The potential for data analytics to transform the fight against money laundering and terrorism financing lies not only in increasing adoption, but in the interconnectivity of data sources and analytics applications.
This was one of the points highlighted by Singapore’s Data Analytics Working Group in a paper that was published last week to encourage financial institutions (FIs) to adopt analytics in a bigger way and to guide the use of analytics in AML/CFT efforts.
The working group, led by DBS Bank, was set up was set up to leverage the collective experience of The Anti-Money Laundering and Countering the Financing of Terrorism Industry Partnership (ACIP) members in using AML/CFT data analytics to better detect suspicious client profiles and activities.
ACIP was set up in April 2017. It is a private public partnership that is co-chaired by Singapore’s Commercial Affairs Department (CAD) and MAS, and brings together the financial sector, regulators, law enforcement agencies and other government entities to collaboratively identify, assess and mitigate key and emerging money laundering and terrorism financing risks facing Singapore.
The paper discussed how the adoption of analytics can be driven through the use of simple and widely available analytics tools. It noted that much of the value to be unlocked lies not in cutting edge technology but in the interlinking and integration of existing data and capabilities.
Currently, there are private sector projects in Singapore which aim to build platforms that leverage and interlink analytics capabilities to enable data aggregation. This would provide a single view of customers and cross border coordination across financial intelligence units of multiple jurisdictions.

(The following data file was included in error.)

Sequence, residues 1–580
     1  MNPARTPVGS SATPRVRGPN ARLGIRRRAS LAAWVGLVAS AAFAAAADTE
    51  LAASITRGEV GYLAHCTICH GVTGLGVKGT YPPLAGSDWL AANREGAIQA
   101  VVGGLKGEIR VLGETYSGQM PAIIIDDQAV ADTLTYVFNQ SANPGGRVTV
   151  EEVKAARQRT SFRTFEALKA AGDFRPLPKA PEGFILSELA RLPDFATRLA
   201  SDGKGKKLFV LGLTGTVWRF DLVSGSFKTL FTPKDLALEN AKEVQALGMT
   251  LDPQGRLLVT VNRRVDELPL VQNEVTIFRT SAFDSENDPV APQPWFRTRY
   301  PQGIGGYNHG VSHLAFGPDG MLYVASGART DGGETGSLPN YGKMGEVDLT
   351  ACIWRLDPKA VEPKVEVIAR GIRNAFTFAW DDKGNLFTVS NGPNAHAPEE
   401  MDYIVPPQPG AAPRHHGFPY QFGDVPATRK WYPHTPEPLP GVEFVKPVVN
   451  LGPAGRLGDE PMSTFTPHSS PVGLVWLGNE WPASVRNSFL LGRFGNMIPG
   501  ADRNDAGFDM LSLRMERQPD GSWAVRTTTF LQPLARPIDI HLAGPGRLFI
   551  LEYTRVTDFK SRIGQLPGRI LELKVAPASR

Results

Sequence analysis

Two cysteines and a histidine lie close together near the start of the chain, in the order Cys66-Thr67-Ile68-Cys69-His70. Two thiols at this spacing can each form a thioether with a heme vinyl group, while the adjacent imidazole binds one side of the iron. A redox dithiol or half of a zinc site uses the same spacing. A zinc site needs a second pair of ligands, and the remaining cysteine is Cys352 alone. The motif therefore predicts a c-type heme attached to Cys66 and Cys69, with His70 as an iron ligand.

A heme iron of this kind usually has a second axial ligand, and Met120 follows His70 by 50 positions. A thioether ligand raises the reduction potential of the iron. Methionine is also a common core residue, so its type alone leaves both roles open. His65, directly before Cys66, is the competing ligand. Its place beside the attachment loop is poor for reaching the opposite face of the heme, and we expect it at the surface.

Given that money laundering, sanctions evasion and terrorism finance are by their nature complex and cross border, and that current data and operational silos hinder effective AML/CFT measures as well as result in significant inefficiency, these projects propose to leverage existing initiatives and technology to eliminate such silos as far as possible, reduce unnecessary de-risking, and improve efficiency across the AML/CFT framework, noted the paper.
“While such projects are likely to be extremely challenging, if successful, they could point to a future state in which the global AML/CFT framework is much more tightly linked and responsive to financial crime threats,” it said.
Challenges inherent in the nature of such projects include governance and ownership issues, given the wide range of stakeholders involved, and funding, privacy, regulatory and other technology requirements, among others.
The ACIP previously found that use of data analytics techniques has helped to effectively enhance the battle against financial crime, by bringing about 40% reduction in false positives and 5% increase in true positives, delivered by one bank’s proof-of-concept conducted on a machine learning solution for transaction monitoring.
Closer industry and private-public cooperation could yield significant benefits, noted the paper. These include dedicated career paths and skills development for AML/CFT analytics professionals, as well as workshops for financial institutions. Meanwhile, regulatory agencies like the MAS and CAD could collectively address key policy and operational issues in AML/CFT analytics such as model governance and using DA to target high-risk areas.
MAS assistant managing director (banking and insurance) Ho Hern Shin, also the ACIP co-chair, said, “MAS strongly encourages the use of data analytics in AML/CFT, which has the potential for bringing about transformative change in our approach to combating financial crime. The strong showing by analytics solutions providers during the recent Singapore Fintech Festival shows the growing opportunities to adopt such techniques. We are heartened that the ACIP banks are willing to share their experiences with other financial institutions looking to embark on such projects. MAS also looks forward to working with the industry on areas of collaboration in AML/CFT analytics.”
Recognising that the field is nascent, the paper also provides practical suggestions, drawn from the experiences of major banks, to address key governance and implementation issues. These include important considerations on the validation, audit and explainability of DA models to gain assurance that the models built can reliably improve the detection of illicit activities.
The paper can be accessed here.